>> oh, my. that was a scene from the new movie "begin again." here with us now, james corden, hello. >> hi. >> out today, james, how exciting. what a great movie. tell us about it. >> it's called "begin again." written and directed by john carney who made the film "once." it's about two people in a particular moment in their lives and they're a bit lost, come together to record an album and find the way out of the mess that they're in. >> struggling musicians is around the plot here? >> some struggling and some successful. and it's about how the people deal with that in their lives and juggle that. yeah, it's a really lovely film. we're all very proud of it. >> and kind of a love song to the city of new york, right? >> yeah. >> all shot here and lots of location shooting? >> yeah, it's very much -- i think a lot of people have said about the movie that they feel it's the manhattan that they know. a lot of the film was shot
almost sort of guerrilla-style without permits. just go out and film with a very small scaled-down crew. it was a joy. >> and it says set to the soundtrack of "a summer in new york city." hitting at a perfect time for new yorkers. >> i hope so. it's certainly a film you feel a lot better when you come out than you did coming in. >> that's good. sam stein? >> well, is it hard -- i guess you didn't sing that much but i'm wondering what it's like where you have to sing and do everything in addition to acting. is that difficult? >> julie andrews didn't think so. >> it's not a musical in its -- in a traditional sense. it's very much a song about the making of an album, so people don't spontaneously break into song. >> it's not like there's awkward singing and stuff like that. >> why did we bring him along to this interview?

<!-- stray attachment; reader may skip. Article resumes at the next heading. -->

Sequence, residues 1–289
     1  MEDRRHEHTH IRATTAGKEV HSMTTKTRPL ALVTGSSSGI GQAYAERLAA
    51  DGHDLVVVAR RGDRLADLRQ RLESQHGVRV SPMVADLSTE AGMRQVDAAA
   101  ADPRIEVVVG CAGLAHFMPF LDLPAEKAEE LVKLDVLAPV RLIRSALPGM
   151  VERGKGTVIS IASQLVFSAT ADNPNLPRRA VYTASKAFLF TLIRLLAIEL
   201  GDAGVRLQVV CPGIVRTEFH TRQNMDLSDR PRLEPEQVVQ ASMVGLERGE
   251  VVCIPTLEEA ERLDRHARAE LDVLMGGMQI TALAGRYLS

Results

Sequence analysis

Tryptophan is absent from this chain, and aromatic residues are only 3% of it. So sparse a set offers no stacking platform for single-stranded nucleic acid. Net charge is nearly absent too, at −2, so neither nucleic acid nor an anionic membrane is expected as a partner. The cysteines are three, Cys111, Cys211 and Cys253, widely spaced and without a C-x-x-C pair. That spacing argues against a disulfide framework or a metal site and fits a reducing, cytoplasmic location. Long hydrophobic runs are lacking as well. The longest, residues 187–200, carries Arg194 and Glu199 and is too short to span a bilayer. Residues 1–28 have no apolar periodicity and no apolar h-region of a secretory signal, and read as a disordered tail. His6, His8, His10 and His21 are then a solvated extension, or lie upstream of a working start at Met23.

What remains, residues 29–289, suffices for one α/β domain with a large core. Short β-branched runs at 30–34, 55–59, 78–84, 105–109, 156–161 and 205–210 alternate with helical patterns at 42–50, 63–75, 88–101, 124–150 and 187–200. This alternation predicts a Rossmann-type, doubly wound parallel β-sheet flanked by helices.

>> go ahead, john. >> this feels like it's a movie that has a lot of big hollywood stars in it but also a real indie feel to it. there's an interesting thing going on between the wattage of celebrities and the downscale vibe of the whole thing. >> i think that's what john has done so brilliantly really is essentially anybody who goes to big mainstream films will probably feel like they're watching a small, independent movie and people who love small, independent movie will feel like they're watching a small studio picture. >> you can watch "begin again" in select theaters today. james corden, thank you. on monday keira knightley will join us on "morning joe." >> she's the star. >> no, you're the star, james. don't you forget it. >> that's what he does. don't start with him, james. >> please, i won't have any of
this. still ahead, u.s. is in the round of 16 despite failing to meet the germans. we'll hear from the world class goalkeeper, tim howard, next. and also gopro goes big on wall street, mika. >> yes, as investors buy what the video camera company is selling. and then it's about to get lonely on "the view." >> what? >> who's in and who's out of the popular daily chatfest. all that and much more when "morning joe" returns. ♪ t fidelity, we give you the most free research reports, customizable charts, powerful screening tools, and guaranteed 1-second trades. and at the center of it all is a surprisingly low price -- just $7.95. in fact, fidelity gives you lower trade commissions than schwab, td ameritrade, and e-trade. i'm monica santiago of fidelity investments, and low fees and commissions are another reason serious investors are choosing fidelity.